Managing

Yogurtland boom: How Paul Siderovski built the business to 400 employees in 11 months

Melinda Oliver /

When Paul Siderovski took a holiday with his family to Hawaii and was convinced by his wife to taste some double-Dutch chocolate-flavoured frozen yoghurt, he did not expect it to inspire a business venture.

However, earlier this year, Siderovski launched the US-based yoghurt chain Yogurtland in Australia, and now has 11 stores, with eight more set to open before Christmas 2013.

Between head office, management and store staff, the Australian operation now has around 400 employees, and Siderovski says this will increase with plans to open another 30 stores nationally in 2014.

Yogurtland launched in California in 2006, and has more than 200 locations across the US, Guam, Mexico and Venezuela. It reports that last year it served more than 49 million cups of yoghurt around the world.

Siderovski says bringing Yogurtland to Australia was all about passion not money. He contacted the US operators via Skype, and while they had no plans to bring the brand to Australia, he says they could see his dedication and gave him a chance.

It is not the only venture run by Siderovski. He is also the founder and managing director of SiDCOR Chartered Accountants. He splits his time between Newcastle, where SiDCOR is based, and the Sydney head office of Yogurtland, and travels around the country as new stores for Yogurtland are launched.

Siderovski says he drew on years of running an accounting business, and all the skills he had learned from working with other business owners in order to make the process as smooth as possible.

He gathered a board of advisors with different areas of expertise. He then set out to find locations for the business, but found it challenging to get local leasing agents to pay attention.

“We had to show we were not just another yoghurt provider, that we were in for the long term,” he says.

Initially, each store was slow to build, due to getting the equipment, fit outs and look right. Now he says the company has the expertise and facilities to roll out a store a week.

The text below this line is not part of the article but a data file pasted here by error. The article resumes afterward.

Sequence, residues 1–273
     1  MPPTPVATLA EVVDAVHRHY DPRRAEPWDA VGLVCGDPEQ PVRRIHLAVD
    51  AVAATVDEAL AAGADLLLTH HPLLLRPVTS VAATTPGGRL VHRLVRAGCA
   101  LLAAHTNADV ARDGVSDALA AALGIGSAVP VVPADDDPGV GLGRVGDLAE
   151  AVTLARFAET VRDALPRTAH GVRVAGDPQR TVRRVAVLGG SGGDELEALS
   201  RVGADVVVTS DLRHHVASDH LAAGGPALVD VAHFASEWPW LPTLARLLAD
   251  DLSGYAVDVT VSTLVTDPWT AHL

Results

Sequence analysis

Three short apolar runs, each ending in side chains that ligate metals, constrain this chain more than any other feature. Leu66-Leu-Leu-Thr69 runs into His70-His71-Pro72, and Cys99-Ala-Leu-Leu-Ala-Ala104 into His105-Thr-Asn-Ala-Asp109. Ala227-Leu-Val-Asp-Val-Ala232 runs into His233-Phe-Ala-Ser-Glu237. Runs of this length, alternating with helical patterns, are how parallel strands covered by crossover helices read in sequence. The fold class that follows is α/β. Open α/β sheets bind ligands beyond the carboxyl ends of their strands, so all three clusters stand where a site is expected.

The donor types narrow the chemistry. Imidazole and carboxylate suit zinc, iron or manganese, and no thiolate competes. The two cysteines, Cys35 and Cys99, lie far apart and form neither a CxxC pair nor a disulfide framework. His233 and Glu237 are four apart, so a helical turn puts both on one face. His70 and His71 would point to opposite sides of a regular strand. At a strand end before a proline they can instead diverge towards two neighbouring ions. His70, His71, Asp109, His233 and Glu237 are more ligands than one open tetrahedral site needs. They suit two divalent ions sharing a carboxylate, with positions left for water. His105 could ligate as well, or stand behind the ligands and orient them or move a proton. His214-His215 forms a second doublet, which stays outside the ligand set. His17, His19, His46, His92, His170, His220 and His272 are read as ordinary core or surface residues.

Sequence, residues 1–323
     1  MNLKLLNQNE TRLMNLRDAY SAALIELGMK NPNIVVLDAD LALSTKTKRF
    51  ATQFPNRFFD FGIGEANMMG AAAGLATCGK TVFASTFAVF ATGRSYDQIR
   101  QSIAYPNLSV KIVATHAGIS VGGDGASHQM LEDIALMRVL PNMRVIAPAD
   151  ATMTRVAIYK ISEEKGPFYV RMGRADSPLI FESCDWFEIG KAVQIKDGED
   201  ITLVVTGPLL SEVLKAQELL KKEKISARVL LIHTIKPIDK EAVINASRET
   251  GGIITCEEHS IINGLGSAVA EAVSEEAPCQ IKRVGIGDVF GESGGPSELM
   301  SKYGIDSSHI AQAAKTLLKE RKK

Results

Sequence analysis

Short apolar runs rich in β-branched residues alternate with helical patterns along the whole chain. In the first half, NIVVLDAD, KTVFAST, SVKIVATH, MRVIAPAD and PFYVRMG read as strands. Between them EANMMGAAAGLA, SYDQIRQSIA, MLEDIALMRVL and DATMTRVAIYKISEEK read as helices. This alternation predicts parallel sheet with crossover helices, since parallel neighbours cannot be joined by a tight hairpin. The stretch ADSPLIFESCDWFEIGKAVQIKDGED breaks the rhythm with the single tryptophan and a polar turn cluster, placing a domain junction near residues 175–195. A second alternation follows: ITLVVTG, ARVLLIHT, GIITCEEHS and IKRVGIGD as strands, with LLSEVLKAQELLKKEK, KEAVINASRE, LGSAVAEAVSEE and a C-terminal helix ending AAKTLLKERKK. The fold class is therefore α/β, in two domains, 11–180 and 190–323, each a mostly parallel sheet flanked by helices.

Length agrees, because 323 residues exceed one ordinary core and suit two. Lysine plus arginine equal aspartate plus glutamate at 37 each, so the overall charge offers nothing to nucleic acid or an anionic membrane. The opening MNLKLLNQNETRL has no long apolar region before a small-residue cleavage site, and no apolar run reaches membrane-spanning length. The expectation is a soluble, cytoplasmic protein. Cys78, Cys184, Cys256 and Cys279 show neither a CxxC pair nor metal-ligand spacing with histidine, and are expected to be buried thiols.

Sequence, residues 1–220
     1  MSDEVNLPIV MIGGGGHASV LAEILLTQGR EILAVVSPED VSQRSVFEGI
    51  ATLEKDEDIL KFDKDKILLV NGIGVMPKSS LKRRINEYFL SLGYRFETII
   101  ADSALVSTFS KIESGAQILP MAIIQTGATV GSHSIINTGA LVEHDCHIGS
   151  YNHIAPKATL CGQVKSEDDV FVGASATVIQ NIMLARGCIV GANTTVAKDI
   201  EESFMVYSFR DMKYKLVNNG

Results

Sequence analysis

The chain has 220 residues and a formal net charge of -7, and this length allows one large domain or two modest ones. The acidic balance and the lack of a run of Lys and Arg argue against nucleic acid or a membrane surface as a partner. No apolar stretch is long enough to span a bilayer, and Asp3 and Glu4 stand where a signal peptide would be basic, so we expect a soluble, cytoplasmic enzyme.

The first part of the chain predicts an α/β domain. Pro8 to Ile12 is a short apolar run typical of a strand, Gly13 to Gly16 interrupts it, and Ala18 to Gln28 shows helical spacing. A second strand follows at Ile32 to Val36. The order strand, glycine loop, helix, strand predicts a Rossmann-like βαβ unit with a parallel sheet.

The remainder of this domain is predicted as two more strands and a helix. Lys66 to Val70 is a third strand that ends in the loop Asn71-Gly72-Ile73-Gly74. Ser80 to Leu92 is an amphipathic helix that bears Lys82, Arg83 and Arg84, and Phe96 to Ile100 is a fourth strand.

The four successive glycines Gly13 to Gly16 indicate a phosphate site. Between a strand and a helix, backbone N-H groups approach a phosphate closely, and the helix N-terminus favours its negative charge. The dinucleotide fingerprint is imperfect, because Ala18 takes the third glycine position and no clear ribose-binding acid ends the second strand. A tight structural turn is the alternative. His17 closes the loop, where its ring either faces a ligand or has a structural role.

Currently, all stores are operated by Siderovski, but he intends to establish a franchise model in the future.

In head office, the HR, marketing, learning and development staff are key to its growth, he says, commenting that the rapid expansion could not have been achieved without the right people on hand.

“I offer the strategic direction, but the staff are the key ingredient,” he says.

“Some of the staff that started at the first Macarthur Square (Campbelltown) store are already becoming managers in the business.”

SiDCOR was named the BRW 20th Best Place to Work in 2013 and Siderovski says he is bringing the same ethos into Yogurtland. He looks to the structure of McDonald’s restaurants for inspiration when it comes to training staff.

“We call our team ‘Yogurtlanders’, we want to the employer’s company of choice.”

Frozen yoghurt is a booming industry in Australia, with Crave Yoghurt and Wowcow part of the push, however Siderovski is not perturbed by the challenge of competition.

He says Yogurtland’s US operations invest heavily into research and development, with a head ‘flavouroligist’ ensuring around 65 yoghurt flavours are available at any one time. In Australia, the business can facilitate about 16 to 18 flavours in each store, with machines rotating from location to location so the flavours offered always change.

The self-serve model is also part of its strength, he says, with customers able to “rule the experience”. They can create their own dessert with different flavours, toppings and fruits.

“They are healthier than ice creams,” he claims, “There are sugar free, gluten free and sorbets.”

The journey so far may sound a breeze, but Siderovski says it has been “tough”. He says if it weren’t for his accountancy background it would have been even more challenging.

He advises anyone looking to bring an international business to Australia to get the right advice, have the funding ready, and to be passionate as it takes endless energy.

“I don’t sleep much, I am going 100 miles an hour.”

He thinks that Yogurtland could build to 200 stores across the country in the next five years.

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